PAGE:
Gurley and Boylan take Madison silver medal at Europeans

Nicolas Roche in third position at Tour of Guangxi in China

Less than 24 hours after she took fourth in the women's scratch race in the European track championships, saying afterwards that she was 'gutted' to miss a medal, Lydia Gurley bounced back to land silver in the Madison event on Sunday.

She and namesake Lydia Boylan took on more experienced track riders and triumphed in Berlin. They rode superbly during the event, gaining two laps on many of their rivals and thus leading the event. However, the British duo Elinor Barker and Ellie Mae Dickson won the final sprint and moved ahead of them in the points.

They ended up with 58 points, eight more than Gurley and Boylan. Bronze went to the Dutch riders, who amassed 46 points.

Gurley took bronze in the scratch race at the World Cup in Colombia back in January. Boylan has had most of her success on the road, including winning three consecutive Irish national road race titles and a stage of the Semana Ciclista Valenciana earlier this year.


Meanwhile Nicolas Roche is performing superbly in the Tour of Guangxi in China. The BMC Racing Team rider attacked early on the final climb on stage four and got a gap, but the Belgian Tim Wellens (Lotto Soudal) and the Dutchman Bauke Mollema (Trek-Segafredo) worked together to get up to him and then pushed on to take first and second.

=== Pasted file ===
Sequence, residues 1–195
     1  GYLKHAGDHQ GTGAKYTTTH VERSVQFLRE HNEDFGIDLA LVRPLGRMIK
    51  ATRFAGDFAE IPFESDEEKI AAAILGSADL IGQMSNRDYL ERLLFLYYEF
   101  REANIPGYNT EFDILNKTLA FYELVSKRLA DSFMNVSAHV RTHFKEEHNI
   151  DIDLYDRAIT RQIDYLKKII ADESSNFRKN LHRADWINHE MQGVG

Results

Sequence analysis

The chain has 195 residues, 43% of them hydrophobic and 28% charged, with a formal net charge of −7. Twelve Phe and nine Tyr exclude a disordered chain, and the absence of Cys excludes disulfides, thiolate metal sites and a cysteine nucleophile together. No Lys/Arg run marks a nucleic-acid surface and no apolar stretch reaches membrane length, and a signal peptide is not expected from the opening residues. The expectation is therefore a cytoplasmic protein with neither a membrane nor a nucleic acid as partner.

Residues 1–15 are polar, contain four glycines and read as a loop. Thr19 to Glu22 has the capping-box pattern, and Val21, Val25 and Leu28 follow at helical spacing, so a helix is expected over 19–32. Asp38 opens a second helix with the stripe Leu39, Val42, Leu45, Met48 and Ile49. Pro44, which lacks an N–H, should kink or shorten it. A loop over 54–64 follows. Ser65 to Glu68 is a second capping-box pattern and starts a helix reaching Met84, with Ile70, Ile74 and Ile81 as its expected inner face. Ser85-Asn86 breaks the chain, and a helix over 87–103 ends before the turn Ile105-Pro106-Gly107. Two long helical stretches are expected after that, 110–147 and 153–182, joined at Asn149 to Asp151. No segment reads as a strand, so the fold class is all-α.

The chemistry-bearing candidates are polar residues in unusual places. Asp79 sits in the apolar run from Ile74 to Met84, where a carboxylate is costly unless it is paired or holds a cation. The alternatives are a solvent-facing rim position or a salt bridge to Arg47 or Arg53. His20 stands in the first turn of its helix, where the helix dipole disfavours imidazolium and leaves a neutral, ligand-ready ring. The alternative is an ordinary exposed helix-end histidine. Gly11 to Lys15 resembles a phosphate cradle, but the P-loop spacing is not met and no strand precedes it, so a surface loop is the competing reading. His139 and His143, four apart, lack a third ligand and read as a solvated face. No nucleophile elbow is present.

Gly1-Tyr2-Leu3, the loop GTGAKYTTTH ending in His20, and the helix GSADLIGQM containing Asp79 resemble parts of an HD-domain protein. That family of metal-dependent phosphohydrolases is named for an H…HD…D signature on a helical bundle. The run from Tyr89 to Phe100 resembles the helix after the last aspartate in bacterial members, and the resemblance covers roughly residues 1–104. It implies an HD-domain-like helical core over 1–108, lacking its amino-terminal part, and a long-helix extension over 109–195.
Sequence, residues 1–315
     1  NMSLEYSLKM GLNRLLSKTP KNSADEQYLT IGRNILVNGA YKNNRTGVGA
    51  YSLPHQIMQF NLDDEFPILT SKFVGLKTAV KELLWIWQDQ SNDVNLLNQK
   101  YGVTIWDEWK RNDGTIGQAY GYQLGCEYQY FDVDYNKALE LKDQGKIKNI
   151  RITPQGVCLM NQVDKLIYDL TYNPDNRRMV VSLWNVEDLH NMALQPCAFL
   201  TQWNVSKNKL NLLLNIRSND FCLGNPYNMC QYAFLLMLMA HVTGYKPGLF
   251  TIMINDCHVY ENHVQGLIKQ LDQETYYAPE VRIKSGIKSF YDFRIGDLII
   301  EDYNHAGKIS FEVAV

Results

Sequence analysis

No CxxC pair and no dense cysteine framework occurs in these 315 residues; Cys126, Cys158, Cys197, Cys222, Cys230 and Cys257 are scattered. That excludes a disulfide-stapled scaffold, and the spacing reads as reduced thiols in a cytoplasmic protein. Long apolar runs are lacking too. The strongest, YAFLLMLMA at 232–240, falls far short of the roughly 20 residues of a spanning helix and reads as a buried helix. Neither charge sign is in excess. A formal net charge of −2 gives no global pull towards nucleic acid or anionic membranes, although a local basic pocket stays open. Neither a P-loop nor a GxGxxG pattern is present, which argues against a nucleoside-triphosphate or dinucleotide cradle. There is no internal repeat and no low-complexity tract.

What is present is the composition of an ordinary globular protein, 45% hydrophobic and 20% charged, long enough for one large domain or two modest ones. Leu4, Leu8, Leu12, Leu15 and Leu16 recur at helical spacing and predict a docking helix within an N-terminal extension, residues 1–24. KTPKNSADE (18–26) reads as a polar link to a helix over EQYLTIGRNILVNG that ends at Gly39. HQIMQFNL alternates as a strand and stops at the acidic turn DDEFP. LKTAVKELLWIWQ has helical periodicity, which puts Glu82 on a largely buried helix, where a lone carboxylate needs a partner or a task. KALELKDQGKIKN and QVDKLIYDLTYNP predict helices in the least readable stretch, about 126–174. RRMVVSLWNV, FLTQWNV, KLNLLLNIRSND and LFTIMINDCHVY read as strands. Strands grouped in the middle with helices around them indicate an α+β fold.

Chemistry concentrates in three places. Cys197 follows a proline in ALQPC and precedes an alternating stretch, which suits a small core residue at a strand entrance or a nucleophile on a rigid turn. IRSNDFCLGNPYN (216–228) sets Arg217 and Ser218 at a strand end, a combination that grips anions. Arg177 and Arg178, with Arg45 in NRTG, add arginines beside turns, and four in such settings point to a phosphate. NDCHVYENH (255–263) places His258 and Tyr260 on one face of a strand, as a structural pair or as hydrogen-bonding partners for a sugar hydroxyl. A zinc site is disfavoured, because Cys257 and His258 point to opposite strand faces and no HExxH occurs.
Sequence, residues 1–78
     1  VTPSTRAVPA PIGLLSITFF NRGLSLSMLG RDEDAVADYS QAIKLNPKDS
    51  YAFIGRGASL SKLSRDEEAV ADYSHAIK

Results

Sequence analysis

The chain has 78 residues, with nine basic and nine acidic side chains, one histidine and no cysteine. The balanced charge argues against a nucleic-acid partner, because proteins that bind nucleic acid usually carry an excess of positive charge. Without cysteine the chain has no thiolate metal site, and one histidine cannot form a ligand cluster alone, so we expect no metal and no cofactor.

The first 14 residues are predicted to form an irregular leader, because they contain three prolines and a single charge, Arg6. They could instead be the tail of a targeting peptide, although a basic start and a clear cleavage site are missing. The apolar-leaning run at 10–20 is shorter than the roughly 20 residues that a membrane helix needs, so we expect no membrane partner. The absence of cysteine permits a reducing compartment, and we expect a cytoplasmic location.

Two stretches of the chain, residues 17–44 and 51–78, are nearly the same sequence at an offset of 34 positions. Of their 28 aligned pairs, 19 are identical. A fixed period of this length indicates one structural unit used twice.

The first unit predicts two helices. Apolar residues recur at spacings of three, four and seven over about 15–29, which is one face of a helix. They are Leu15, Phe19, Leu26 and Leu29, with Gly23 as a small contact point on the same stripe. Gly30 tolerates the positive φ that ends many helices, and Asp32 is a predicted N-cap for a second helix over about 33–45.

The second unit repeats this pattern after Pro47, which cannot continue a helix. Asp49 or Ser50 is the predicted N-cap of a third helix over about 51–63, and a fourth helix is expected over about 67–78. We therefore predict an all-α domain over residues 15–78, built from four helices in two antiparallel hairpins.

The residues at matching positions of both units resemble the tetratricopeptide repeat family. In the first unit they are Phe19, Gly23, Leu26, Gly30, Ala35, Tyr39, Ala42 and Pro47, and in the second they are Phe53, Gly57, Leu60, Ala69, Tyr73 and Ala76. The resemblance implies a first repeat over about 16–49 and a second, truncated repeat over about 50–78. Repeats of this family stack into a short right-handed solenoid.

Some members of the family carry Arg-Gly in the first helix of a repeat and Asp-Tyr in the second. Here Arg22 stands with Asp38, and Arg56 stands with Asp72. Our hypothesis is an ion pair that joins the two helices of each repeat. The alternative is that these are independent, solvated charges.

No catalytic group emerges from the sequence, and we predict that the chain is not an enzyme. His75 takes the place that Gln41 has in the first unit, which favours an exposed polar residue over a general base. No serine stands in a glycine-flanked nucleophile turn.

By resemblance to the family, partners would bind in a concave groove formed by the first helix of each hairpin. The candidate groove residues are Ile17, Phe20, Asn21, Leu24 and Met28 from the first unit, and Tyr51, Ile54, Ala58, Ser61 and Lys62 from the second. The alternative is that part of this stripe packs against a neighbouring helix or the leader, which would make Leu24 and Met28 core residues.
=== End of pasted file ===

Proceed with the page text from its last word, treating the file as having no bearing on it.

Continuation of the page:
Roche was third, four seconds behind Wellens, and jumps from 17th to third overall. He is nine seconds behind Wellens with two stages remaining, while Mollema is five seconds ahead of him. Roche leads the mountains classification.

“Daniel [Oss] made it a hard pace going into the climb and I knew that it flattened out a bit with two kilometres to go so that would be a good place to make a move,” Roche said.

“I attacked and went clear but was caught with about 800 metres to go by Tim Wellens (Lotto Soudal). Wellens was stronger and rode myself and Bauke Mollema (Trek-Segafredo) off his wheel with 500m to go.

“You never know what can happen in the final two days with the bonus seconds. It’s going to be quite tough as the intermediate sprints are well placed. But, you just never know which these stages and on these big roads.”

Shane Stokes

Shane Stokes

Shane Stokes is a contributor to The Irish Times writing about cycling